RM Champagne Salon and the J. Parker | Ask the critic
Julia Kramer reveals everything you want to know about the season’s most talked-about bars.
1/2Photograph: Colin BeckettRM Champagne Salon
2/2Photograph: Martha WilliamsThe J. Parker
RM Champagne Salon 116 N Green St (312-243-1199)
Will I be the oldest person there?—Old and in the Way Maybe—are you over 30?
I’m a beer drinker. Am I going to look like an idiot taking a date to one of these fancy places?—Joe Sixpack Yes and no. Yes, because, if you order anything besides wine here, you’re kind of missing the point. No, because there are only a few wines by the glass to choose from, and none of them are bad, so it’s a pretty idiot-proof experience.
What are my chances of meeting David Schwimmer and/or Jeremy Piven at this establishment?—Concerned Citizen Low to medium. The crowd is more groups of beautiful ladies and romantic dates.
Can I even get in?—Desperate Drinker Easily. Reservations are available on OpenTable, and I had most of the place to myself on a recent weekday. The place heats up on weekends, and on beautiful nights, patio tables are in demand—but fortunately, there are plenty of them.
Will the drinks be more than $14 each? There’s a limit to how much I’m willing to pay for a drink. And it’s $14.—Cocktail Curmudgeon It’s easy to be sticker-shocked here. The two Champagnes available by the glass are $24 and $34, and Champagnes by the bottle start at $90. All of this can give the impression that RM is just another venue for the bottle-service crowd to burn their money. Yet, this is not wholly true, because as long as you are okay with drinking non–capital-C-Champagne sparkling wine, you can have a beautiful glass of wine for $12.
Should I pre-eat or is the food worth it?—Hungry Drinker That depends: Do you have the appetite of a small bird? If the answer is yes, by all means partake in the itty-bitty bites (such as fried oysters) that comprise the menu here. Though the selection of cheeses is vast, portions are dainty and accompaniments pallid; the dessert cart, on the other hand, is a wondrous bounty of macarons, caramels and marshmallows. Keep in mind these are essentially snacks: You’ll have to order practically the whole menu to constitute a meal. (I almost did.)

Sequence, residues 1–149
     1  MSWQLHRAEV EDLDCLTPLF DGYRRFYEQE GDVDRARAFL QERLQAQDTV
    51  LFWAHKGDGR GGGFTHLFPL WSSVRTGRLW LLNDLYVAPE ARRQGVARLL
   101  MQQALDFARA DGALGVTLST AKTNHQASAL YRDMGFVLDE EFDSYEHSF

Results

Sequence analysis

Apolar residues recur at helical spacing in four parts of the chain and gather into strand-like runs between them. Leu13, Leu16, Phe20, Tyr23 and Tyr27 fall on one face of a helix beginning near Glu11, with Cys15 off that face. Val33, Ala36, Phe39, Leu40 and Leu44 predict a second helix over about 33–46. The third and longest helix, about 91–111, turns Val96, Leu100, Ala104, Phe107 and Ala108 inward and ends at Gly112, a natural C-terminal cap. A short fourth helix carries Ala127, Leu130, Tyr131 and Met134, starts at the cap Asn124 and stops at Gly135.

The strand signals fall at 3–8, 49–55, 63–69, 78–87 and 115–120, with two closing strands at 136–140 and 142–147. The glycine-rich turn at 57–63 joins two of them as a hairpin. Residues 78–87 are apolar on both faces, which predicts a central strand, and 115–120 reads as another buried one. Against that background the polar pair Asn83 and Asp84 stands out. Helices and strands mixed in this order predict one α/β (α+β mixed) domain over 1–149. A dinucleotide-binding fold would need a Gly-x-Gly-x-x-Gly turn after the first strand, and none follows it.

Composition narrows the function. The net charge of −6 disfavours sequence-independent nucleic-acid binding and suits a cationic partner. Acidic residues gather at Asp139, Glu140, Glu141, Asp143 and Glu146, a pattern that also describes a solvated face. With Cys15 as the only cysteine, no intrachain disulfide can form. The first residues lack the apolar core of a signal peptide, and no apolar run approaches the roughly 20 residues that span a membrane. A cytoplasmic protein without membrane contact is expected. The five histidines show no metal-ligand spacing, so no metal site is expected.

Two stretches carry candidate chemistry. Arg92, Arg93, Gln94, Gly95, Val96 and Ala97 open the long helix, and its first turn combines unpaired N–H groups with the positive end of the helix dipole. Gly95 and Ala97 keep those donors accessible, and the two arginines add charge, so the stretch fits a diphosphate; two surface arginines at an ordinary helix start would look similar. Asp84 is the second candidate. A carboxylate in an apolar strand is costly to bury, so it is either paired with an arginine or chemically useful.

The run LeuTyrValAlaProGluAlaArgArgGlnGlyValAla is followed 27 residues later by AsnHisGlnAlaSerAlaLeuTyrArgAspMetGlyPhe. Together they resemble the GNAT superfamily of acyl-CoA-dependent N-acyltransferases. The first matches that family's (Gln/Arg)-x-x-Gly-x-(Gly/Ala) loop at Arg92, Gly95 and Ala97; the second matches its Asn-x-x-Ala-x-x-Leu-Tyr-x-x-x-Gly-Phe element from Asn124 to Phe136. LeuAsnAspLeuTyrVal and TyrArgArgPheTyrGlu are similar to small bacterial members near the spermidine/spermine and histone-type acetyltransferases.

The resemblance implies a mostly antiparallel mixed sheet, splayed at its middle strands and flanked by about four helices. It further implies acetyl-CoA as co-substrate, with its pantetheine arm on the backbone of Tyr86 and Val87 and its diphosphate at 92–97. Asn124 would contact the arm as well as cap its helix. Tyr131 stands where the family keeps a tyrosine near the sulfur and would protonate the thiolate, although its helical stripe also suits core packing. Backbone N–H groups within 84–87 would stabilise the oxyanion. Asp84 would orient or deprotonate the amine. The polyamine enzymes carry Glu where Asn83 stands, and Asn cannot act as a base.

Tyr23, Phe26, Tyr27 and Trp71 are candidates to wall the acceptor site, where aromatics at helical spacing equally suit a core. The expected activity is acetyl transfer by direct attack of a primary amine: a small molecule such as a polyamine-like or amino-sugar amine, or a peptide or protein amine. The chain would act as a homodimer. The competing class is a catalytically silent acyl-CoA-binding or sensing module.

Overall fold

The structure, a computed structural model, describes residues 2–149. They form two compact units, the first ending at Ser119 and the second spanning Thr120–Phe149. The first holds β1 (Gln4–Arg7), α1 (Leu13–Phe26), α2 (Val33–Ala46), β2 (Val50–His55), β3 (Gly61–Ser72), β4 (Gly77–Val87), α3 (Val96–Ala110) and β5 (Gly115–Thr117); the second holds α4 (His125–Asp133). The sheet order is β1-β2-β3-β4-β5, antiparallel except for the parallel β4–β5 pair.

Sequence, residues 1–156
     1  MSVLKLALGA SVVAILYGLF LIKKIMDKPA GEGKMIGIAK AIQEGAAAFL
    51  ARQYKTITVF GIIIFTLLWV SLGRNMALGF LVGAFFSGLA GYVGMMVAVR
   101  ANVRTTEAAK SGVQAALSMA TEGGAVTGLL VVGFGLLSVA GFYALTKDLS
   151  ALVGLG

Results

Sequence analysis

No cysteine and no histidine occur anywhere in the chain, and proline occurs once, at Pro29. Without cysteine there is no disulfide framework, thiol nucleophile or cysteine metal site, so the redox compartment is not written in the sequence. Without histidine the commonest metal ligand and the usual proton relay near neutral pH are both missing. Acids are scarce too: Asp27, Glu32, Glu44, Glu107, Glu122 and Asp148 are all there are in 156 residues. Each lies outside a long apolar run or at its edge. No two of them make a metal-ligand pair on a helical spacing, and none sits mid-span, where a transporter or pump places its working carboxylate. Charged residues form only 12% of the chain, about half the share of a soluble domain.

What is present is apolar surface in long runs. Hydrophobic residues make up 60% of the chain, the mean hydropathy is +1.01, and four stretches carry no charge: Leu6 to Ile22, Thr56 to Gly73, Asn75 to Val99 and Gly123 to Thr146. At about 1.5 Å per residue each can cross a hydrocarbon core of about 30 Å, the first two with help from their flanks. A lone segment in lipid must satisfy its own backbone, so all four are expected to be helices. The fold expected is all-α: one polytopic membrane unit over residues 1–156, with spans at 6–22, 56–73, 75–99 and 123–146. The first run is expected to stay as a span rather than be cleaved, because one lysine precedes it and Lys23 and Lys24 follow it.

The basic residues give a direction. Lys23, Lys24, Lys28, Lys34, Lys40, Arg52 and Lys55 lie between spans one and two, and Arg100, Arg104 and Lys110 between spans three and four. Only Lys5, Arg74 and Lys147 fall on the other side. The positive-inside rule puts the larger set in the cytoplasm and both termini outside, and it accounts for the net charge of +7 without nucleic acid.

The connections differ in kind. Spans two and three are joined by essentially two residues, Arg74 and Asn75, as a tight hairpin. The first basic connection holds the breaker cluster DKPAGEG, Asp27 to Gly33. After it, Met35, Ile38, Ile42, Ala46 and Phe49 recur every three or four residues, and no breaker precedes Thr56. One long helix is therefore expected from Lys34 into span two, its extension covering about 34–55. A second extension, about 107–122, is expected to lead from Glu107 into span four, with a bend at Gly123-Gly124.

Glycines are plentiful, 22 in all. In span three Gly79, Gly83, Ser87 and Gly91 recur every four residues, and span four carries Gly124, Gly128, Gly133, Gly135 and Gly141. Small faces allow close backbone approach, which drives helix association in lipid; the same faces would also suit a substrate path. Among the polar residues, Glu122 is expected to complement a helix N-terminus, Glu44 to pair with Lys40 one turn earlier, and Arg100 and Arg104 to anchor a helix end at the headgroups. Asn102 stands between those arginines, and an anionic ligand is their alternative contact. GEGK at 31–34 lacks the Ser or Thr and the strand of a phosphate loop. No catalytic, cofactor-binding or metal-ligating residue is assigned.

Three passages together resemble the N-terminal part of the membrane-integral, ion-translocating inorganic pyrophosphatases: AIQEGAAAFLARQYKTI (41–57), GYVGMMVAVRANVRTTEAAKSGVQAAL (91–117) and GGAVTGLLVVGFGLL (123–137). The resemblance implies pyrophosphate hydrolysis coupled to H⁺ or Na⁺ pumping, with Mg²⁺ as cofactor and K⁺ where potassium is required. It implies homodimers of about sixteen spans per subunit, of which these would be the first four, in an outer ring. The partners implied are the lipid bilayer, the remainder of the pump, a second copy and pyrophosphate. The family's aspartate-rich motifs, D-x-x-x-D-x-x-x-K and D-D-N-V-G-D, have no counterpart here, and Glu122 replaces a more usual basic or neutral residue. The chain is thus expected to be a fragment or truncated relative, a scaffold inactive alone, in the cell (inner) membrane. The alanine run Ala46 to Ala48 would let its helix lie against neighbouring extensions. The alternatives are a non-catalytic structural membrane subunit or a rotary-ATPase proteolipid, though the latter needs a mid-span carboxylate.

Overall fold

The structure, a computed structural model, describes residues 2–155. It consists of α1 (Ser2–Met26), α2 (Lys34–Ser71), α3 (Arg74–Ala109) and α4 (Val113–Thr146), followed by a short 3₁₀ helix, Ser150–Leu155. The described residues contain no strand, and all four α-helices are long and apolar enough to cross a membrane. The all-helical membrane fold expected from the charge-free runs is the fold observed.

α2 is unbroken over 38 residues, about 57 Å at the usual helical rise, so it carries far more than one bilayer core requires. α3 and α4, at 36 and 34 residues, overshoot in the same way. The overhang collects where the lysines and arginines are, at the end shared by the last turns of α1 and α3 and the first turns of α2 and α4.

Why would I even want to go to these places?—Over It The old-world courtyard, with its hidden entrance through an alley, is truly lovely and special.
Will I be the oldest person there?—Old and in the Way The median age here on a recent Tuesday was possibly 40. Come to think of it, it might have been 50 with a tremendous amount of very good plastic surgery.
I’m a beer drinker. Am I going to look like an idiot taking a date to one of these fancy places?—Joe Sixpack Not at all. Though the emphasis is on cocktails (most of which lean light and sweet), there’s actually a short but reasonable (given the locale) beer list, with $5 High Life and Tecate plus craft stuff like $6 Two Brothers Outlaw.
What are my chances of meeting David Schwimmer and/or Jeremy Piven at this establishment?—Concerned Citizen Considering this rooftop is the closest thing in Chicago to the set of Entourage, a Piv/Schwim sighting is a definite possibility. However, the crowd is more mature and notably less awful than what you’d find at downtown rooftops, and by that I mean ROOF.
Can I even get in?—Desperate Drinker If you want a table, reservations are a must. But once you get that reservation, don’t plan on camping out all night. 90 minutes after arriving, a hostess came over to let us know that, “No rush, but the next reservation is coming in 30 minutes.” Not exactly the BOKA Group hospitality we’ve become accustomed to….
Will the drinks be more than $14 each? There’s a limit to how much I’m willing to pay for a drink. And it’s $14.—Cocktail Curmudgeon A better question would be: Are the drinks at the J. Parker worth $12? The answer is the same as it is for every rooftop, which is that you’re not paying for what’s in the glass but for the view that comes with it, and the view from the J. Parker is stupendous. There is nothing like it. The only problem is that after seeing a vista this bucolic and breathtaking and sweeping, the skyscraper-clogged views from downtown rooftops seem second-rate.
Should I pre-eat or is the food worth it?—Hungry Drinker I cannot understand the approach the J. Parker has taken to its food menu, which is essentially an annoying make-your-own-small-plate exercise: e.g., meatloaf ($7) + spicy mayo ($1) + fried pickles ($4). The pickles were great, but why not just serve a bowl of them as a bar snack? Also, despite the menu’s assertion that the “kitchen reserves the right to veto certain combinations,” no one balked when we ordered the dubious mix of fried cheese, mayo and a fried egg.
Why would I even want to go to these places?—Over It Despite the kinks, the view makes it worth it.